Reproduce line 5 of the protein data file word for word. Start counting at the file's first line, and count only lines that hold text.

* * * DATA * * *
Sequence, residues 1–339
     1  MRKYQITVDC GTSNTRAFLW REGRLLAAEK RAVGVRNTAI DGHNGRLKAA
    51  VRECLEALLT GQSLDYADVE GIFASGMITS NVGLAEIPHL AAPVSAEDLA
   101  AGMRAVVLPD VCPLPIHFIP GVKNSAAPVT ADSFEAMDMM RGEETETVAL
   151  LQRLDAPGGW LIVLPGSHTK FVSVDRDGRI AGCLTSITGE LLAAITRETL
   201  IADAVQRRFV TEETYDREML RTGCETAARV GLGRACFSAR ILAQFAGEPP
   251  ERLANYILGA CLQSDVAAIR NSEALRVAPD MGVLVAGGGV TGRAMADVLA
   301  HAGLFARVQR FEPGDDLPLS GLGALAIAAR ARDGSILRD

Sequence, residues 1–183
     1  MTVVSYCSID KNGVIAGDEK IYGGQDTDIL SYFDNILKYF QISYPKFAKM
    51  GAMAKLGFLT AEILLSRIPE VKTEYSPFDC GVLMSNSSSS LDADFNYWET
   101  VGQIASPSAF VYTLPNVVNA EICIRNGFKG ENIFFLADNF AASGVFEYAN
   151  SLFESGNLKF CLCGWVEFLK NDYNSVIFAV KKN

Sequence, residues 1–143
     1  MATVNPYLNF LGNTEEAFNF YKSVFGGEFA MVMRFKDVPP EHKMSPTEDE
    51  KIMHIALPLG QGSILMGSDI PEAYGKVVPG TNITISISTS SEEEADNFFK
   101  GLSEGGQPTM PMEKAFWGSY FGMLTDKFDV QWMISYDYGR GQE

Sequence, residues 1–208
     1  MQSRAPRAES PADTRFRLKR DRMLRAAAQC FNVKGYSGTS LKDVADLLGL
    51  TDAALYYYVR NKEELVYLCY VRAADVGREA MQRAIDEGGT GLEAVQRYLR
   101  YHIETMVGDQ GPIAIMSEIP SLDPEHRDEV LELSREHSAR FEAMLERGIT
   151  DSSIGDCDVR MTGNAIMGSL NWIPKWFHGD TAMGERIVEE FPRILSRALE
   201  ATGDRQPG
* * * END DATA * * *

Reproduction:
   151  LQRLDAPGGW LIVLPGSHTK FVSVDRDGRI AGCLTSITGE LLAAITRETL